On June 5. 2020, Japan’s parliament enacted a revised anti-online piracy law to tighten copyright control. It involved banning illicit downloading of manga, magazines, and academic texts, in addition to music and videos that were already covered by the existing legislation. This was already a big sign they were harsh about anime & manga piracy.
The law also includes “leech websites” that provide users hyperlinks to download torrent files of pirated materials. The ban on illegal downloading will take effect on January 1. 2021. Restrictions on leech sites will come into effect on October 1. 2021. The revision came as the country saw a rising number of piracy and leech websites. They have been disabling some of the biggest ones since 2018.
The new law also bans establishment and operation of leech sites. This includes pasting hyperlinks of illegal websites on an anonymous message board, as well as providing “leech apps” for similar purposes. Those found to be operating a leech website will face up to five years in jail, a maximum fine of ¥5 million, or both.
Not something that’s new
Last year, the government tried to submit a similar anti-online piracy bill to a parliamentary session. However, it shelved it after receiving a lot of backlash from manga artists and experts. It is because they said the planned controls were far too broad and could hinder legitimate activities, such as research. As of last November, there were more than 500 piracy websites featuring manga and photo books targeting Japanese viewers. Top 10 sites were getting around 65 million hits a month. Seven of them provided download links, according to Publishers PR Center.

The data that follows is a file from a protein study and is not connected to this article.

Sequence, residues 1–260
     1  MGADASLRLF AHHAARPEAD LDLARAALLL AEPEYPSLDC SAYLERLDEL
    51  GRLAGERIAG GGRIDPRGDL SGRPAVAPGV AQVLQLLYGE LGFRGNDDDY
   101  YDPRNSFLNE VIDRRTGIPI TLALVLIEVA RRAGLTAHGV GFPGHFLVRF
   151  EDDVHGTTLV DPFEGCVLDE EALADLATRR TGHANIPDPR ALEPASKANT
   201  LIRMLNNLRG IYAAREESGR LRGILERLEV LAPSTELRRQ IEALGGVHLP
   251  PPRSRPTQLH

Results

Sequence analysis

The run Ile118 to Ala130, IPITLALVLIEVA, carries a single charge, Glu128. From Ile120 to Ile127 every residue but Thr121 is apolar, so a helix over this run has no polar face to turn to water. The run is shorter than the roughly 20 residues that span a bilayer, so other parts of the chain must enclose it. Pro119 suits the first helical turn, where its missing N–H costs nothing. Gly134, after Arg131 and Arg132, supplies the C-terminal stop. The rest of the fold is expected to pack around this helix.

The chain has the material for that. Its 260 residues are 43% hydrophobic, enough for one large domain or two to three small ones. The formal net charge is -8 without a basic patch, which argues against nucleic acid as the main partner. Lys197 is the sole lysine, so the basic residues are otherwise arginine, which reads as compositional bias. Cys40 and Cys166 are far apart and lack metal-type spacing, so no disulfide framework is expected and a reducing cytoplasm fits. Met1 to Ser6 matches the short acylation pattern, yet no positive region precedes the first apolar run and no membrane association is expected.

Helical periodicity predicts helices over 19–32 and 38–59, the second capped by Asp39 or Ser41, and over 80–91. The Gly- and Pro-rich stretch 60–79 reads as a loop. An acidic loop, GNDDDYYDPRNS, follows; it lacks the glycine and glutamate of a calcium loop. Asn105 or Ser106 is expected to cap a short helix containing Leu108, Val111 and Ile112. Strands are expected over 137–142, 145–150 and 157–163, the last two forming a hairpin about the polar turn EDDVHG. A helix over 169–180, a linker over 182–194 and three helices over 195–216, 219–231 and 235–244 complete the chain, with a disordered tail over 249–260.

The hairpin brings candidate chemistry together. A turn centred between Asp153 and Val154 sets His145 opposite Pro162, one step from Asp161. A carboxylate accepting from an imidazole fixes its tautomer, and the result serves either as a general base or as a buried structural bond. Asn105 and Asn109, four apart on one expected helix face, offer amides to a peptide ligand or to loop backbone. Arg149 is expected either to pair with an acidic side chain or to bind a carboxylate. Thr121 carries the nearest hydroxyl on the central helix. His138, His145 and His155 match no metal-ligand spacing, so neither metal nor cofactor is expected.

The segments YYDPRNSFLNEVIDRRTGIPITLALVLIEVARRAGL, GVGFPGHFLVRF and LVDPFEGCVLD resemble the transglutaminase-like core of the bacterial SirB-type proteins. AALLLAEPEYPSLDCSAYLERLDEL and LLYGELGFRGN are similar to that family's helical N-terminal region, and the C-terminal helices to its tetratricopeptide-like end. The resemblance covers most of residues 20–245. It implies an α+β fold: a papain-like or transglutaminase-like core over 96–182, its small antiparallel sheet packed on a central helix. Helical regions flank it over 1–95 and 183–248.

“There’s a limit to what Japan can do on its own. International coordination and cooperation in investigations are indispensable,” a government source said.
The recently started AnimeLog YouTube channel is potentially another legal means to provide anime to fans who can’t afford to pay subscriptions. Or to those who live in region locked countries. Sadly, it still hasn’t gotten any English versions and its catalog is unclear at this point. It is a step towards a possible solution of course, but many international fans will not have a way to watch anime if all the illegal sites get taken down before the channel becomes a viable source. Obviously there is no guarantee for that though. Similar projects failed in the past, which is why many are skeptical about this one. You can read my opinion on that. Long story short, I think it is unrealistic a free way with every anime will come to existence. Even a paid one will be hard to accomplish due to all the licencing deals. Just my opinion.
Some guess that this is to help animators because of the current situation. However, they have been trying to do this for years. The Japanese anime industry’s market size has gone over ￥2,000,000,000,000 (≒$18.8billion). This means it is more likely that there are other reasons why animators are not paid properly. Reasons which have nothing to do with piracy. (Such as not enough budget being assigned to studios by the production committees.) Additionally, with a lot of shows being “exclusive” to different companies, it is getting harder for people to follow all their favorite shows. It’s unclear how the banning anime & manga piracy will affect the medium overall. A way to support animators is the Animator Dormitory project. They are raising money to make their own studio. You can read more information on their funding page.
Regardless, we always support the official releases. Although this will be hard on many, we hope they come to an agreeable solution for everyone soon.
[Source: The Japan Times]